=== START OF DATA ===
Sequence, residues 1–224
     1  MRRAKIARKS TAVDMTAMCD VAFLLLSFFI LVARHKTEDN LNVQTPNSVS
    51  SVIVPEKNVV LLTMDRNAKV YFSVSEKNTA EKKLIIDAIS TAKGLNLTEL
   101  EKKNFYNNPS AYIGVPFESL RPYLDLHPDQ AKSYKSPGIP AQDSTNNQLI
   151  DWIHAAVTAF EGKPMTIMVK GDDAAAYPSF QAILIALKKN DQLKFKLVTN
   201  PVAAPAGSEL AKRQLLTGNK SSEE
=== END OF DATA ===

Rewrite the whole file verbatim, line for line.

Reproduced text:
Sequence, residues 1–224
     1  MRRAKIARKS TAVDMTAMCD VAFLLLSFFI LVARHKTEDN LNVQTPNSVS
    51  SVIVPEKNVV LLTMDRNAKV YFSVSEKNTA EKKLIIDAIS TAKGLNLTEL
   101  EKKNFYNNPS AYIGVPFESL RPYLDLHPDQ AKSYKSPGIP AQDSTNNQLI
   151  DWIHAAVTAF EGKPMTIMVK GDDAAAYPSF QAILIALKKN DQLKFKLVTN
   201  PVAAPAGSEL AKRQLLTGNK SSEE